The year 2017 isn’t exactly auld lang syne, or good old times, and 2018 is not only likely to be a repeat of it. It could even be worse.

As 2016 ended a year ago, the new year of 2017 was welcomed with optimism by most Filipinos, in the probable belief that thinking so will make it so. The feng shui and other creatures spawned by the Philippine culture of confusion, who claim to have the power to foretell the future, weren’t helping any. Neither were the survey firms, which as usual regaled the citizenry with their cheery polls on the average man-on-the-street’s fact-defying optimism.

Those who make predicting what will happen in the coming year their business proclaim every New Year that things will be better despite their and the rest of the country’s experience, which for decades has argued against such upbeat expectations. But whether it’s employment opportunities or the prospects for peace, development and an end to corruption, their predictions have been, and are still likely to be, uniformly the same.

Their optimism is curious, considering how often the rest of us have been disappointed with the way things turn out every year. Philippine society has after all been in crisis for centuries due to the rapaciousness and incompetence of a political class nurtured by colonial rule and sustained by imperialist intervention. Unless the power structure is democratized, things will remain the same, and any change that does happen is likely to be for the worse.

But why the belief persists that things will always be better as the old year passes into history is understandable. So used have Filipinos been to political instability, violence, impunity, uncertainty, and fear that they think these anomalies to be normal. Any change no matter how small is thus regarded as significant. Change being the one certainty in existence, it’s easy enough to predict, and even believe, that every change is for the better.

Political upheavals, foreign invasion, wars and the social unrest driven by poverty, hunger and injustice have at various times sharpened the seething contradictions in Philippine society. These have led to attempts to understand how the divisions rooted in the political, economic and social disempowerment of vast numbers of Filipinos on the one hand, and the monopoly over wealth and power of a handful of families and political dynasties on the other, sustain a society of vast inequality.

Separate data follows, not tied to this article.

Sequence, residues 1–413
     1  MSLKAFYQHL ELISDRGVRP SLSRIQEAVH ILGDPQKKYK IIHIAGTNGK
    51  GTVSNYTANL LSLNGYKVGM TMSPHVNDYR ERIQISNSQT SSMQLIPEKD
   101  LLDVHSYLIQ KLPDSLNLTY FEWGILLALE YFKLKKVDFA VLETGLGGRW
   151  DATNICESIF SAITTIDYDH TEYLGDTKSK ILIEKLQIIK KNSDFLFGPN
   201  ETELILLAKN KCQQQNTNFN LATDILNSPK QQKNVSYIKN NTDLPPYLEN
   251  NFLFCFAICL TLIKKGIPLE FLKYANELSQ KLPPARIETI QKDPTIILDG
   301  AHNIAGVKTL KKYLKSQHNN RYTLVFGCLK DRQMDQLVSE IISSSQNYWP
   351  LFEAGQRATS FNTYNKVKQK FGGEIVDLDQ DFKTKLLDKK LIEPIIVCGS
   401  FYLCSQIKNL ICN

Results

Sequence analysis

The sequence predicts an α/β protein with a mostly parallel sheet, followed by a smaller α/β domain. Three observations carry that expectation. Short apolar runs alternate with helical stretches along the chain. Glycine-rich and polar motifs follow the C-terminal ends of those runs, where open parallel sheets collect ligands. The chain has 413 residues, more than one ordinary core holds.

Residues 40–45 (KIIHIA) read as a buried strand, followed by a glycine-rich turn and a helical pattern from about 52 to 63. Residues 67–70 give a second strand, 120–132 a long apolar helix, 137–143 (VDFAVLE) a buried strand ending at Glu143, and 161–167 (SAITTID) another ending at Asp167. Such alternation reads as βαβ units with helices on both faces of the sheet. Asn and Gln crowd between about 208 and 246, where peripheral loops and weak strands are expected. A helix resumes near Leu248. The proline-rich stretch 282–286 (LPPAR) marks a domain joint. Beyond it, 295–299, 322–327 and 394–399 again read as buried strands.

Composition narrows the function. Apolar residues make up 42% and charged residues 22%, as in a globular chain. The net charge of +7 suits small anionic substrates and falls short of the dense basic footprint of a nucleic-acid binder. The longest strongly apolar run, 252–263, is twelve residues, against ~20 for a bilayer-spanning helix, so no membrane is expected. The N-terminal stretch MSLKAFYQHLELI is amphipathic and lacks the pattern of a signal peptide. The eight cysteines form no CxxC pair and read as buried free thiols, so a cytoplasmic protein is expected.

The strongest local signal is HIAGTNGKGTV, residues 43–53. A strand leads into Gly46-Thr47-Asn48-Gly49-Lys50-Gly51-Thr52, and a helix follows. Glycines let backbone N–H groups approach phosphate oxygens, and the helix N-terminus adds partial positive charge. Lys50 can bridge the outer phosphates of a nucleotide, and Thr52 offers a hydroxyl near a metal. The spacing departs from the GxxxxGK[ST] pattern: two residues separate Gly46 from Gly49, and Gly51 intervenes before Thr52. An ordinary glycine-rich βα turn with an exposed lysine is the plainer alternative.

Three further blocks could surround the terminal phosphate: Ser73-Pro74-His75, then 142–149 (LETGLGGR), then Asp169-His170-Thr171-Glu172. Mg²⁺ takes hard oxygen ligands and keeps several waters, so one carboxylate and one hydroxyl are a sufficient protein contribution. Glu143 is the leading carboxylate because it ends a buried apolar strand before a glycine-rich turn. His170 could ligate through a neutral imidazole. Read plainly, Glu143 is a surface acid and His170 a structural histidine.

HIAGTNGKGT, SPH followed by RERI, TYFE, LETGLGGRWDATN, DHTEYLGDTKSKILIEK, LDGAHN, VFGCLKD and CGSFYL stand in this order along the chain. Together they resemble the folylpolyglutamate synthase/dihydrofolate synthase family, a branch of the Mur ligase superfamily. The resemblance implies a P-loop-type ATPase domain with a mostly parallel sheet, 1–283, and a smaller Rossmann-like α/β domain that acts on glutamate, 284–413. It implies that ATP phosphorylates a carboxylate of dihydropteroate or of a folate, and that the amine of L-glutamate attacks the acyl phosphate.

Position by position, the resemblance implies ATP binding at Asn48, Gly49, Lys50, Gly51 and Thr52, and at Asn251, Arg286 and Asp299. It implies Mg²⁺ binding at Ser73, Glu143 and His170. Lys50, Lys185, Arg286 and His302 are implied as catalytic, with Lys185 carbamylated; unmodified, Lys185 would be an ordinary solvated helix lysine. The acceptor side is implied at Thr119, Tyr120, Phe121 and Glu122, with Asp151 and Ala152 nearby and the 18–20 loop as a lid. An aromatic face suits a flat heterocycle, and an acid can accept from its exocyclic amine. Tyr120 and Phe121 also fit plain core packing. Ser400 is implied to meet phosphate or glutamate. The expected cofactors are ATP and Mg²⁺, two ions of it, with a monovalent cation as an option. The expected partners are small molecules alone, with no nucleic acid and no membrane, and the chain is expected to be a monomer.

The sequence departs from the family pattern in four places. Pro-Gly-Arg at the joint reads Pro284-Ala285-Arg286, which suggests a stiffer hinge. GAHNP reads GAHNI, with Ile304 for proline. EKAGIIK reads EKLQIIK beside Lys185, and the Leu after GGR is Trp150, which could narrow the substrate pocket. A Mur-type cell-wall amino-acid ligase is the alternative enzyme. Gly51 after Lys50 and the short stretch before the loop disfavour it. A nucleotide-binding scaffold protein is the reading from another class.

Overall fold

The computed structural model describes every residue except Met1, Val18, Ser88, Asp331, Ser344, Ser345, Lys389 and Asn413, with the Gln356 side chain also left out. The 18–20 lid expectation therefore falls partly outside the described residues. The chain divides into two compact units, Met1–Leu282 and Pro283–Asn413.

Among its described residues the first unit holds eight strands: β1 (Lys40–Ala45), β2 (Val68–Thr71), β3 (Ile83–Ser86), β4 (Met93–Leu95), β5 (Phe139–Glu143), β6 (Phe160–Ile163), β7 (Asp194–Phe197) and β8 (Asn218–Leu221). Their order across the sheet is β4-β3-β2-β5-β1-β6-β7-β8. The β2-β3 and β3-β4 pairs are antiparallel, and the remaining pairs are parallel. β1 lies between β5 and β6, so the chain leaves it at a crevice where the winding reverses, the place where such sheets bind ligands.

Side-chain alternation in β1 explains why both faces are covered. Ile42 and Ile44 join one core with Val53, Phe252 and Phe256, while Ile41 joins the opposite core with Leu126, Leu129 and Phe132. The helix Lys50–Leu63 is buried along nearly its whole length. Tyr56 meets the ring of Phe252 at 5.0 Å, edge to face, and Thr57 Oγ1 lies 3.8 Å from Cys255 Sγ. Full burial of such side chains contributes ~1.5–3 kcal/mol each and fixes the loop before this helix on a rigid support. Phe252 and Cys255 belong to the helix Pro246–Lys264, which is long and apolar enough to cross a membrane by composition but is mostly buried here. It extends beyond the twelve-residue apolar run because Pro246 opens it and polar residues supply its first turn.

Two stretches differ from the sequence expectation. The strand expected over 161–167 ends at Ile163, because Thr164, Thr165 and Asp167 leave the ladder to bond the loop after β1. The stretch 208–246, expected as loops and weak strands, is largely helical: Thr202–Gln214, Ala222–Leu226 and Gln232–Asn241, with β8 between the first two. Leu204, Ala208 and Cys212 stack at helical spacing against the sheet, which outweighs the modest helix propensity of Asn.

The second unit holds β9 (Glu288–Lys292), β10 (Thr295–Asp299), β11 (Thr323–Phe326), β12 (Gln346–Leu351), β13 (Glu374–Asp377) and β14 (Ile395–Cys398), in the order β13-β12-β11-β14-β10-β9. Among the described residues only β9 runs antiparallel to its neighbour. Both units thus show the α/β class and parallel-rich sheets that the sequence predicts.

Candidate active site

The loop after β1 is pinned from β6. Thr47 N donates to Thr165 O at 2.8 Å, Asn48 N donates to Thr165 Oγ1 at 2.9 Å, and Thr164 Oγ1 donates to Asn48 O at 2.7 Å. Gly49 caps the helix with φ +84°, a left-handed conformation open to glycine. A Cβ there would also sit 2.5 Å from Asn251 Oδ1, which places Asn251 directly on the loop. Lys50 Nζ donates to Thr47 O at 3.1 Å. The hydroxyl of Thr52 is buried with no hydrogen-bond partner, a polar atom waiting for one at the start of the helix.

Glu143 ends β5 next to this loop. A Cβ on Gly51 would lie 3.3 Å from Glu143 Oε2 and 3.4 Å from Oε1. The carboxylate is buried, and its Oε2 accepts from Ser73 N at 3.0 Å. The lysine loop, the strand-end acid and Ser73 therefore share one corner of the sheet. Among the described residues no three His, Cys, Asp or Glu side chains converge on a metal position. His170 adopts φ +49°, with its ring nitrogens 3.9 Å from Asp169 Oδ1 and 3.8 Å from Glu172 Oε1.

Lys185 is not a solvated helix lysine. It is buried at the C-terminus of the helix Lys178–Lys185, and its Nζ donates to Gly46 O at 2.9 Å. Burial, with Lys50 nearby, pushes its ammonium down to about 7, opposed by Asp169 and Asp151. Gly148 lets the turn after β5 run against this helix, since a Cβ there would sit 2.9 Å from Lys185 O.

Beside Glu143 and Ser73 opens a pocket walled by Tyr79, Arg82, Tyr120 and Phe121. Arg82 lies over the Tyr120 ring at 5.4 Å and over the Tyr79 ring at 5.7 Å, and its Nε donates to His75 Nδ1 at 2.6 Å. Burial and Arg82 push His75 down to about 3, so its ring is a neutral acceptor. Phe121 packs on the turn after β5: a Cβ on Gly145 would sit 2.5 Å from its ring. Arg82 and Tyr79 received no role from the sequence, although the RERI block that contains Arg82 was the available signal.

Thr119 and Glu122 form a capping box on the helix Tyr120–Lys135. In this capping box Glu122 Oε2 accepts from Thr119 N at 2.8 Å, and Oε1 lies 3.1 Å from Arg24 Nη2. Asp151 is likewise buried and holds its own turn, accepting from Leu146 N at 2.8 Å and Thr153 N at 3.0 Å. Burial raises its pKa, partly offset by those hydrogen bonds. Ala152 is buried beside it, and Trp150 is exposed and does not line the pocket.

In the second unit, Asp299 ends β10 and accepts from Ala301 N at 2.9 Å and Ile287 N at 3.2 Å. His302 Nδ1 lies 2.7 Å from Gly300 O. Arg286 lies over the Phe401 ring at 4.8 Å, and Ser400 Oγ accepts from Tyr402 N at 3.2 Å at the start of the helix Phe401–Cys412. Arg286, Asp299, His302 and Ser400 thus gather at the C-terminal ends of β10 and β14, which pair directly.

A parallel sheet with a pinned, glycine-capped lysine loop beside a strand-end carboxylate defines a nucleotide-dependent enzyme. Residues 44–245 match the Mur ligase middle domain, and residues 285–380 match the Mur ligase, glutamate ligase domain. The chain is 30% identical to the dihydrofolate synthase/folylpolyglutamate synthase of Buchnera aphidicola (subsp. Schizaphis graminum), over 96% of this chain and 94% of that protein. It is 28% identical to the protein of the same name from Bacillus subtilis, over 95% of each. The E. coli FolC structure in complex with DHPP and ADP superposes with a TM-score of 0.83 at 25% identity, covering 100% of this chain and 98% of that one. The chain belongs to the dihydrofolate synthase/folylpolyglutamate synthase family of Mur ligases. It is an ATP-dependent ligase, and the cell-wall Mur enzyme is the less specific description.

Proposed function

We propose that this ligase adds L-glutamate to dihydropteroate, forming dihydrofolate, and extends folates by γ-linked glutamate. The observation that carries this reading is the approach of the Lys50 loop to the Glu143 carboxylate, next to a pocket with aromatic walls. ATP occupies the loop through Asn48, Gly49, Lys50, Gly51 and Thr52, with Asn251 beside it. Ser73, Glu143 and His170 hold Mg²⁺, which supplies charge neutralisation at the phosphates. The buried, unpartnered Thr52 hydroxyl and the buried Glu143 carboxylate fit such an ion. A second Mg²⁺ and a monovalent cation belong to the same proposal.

The reality is that 2017 is ending with the most telling indications yet that 2018 may be another acute stage in the Philippine crisis of political, economic, and social underdevelopment. Eighteen months after Rodrigo Duterte assumed the presidency, the Philippines is even more acutely in the grip of that crisis because of the distinct possibility that the reforms the country has long needed for its survival will never take place. Instead there is the continuing threat of a return to dictatorship as the same means of preventing change that Ferdinand Marcos used in 1972.

It’s not only the “war” on drugs, which has so far cost the lives of an estimated 14,000 men, women and children, that’s being readied to justify authoritarian rule. Terrorism and insurgency have also emerged as convenient excuses for a nationwide declaration of martial law, or even the imposition of a grievously misnamed “revolutionary government” that will be anything but revolutionary.

The next few months of 2018 will tell if, in an attempt to resolve a crisis that it has pushed to an acute stage, the Duterte regime, which clearly demonstrated in 2017 its commitment to keeping things the way they have always been, will bring it to even more dangerous levels through open authoritarian rule. If it does, it will plunge the country into a maelstrom of violence and uncertainty only a radical shift in political power from its monopoly by the few to its democratization in the hands of the many can remedy.